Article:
|Regression Test||An automated test consisting of many unit test. Regression tests are executed after changes to a software system have been bade to ensure that no regression (introduction of bugs or loss of functionality) has been made.|
|UTF-X||Unit Testing Framework - XSLT|
|XML||eXtensible Markup Language|
|XSL||eXtensible Stylesheet Language|
|XSLT||XSL Transformations. XSLT is a functional language designed to transform XML documents into other documents (most likely also XML). The most common use of XSLT is in transformation of XML documents into HTML or XHTML.|
|XSL:FO||XSL: Formatting Objects is an XML based typesetting language specially designed to be used with XML and XSLT. XSL:FO is usually generated from an XML document by a means of a XSLT stylesheet and then processed through a XSL:FO processor to obtain a rendition, usually in the form of a PDF or PostScript document.|
|JAXP||Java API for XML Processing|
|DOM||Document Object Model|
|SAX||Simple API for XML processing|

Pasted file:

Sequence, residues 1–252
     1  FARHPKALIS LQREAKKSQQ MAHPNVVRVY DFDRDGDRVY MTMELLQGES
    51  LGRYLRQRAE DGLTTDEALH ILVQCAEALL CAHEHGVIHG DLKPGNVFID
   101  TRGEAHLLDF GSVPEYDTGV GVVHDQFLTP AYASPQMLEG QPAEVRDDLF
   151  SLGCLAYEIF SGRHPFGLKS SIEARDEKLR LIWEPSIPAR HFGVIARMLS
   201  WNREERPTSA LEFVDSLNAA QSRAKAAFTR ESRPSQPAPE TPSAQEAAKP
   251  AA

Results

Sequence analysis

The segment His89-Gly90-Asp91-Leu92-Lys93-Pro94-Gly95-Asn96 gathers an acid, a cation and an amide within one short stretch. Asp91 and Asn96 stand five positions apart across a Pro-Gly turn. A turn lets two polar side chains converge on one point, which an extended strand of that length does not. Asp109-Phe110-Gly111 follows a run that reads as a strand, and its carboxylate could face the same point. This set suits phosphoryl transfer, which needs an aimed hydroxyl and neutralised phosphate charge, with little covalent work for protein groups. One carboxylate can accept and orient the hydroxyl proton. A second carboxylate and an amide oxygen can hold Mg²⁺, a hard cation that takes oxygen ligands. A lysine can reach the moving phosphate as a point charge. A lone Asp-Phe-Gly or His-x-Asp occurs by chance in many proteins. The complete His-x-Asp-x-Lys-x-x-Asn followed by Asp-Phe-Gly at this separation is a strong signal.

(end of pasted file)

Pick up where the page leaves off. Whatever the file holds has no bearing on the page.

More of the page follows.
|XSL:FO processor||or XSL:FO engine, is a software for transforming XSL:FO documents into human readable rendition, usually page description languages such as PDF or PostScript.|
|Document Fragment||lightweight DOM Document. One of the most important differences between a Document and Document Fragment is that unlike a Document a Document Fragment does NOT have to be well formed in the sense that it does not need to have ONE root node. Good examples of Document Fragments are DOM representations of the contents of <utfx:source> and <utfx:expected> elements.|
|TDF||Test Definition File. An XML file that defines a suite of UTF-X tests for a specified XSLT stylesheet.|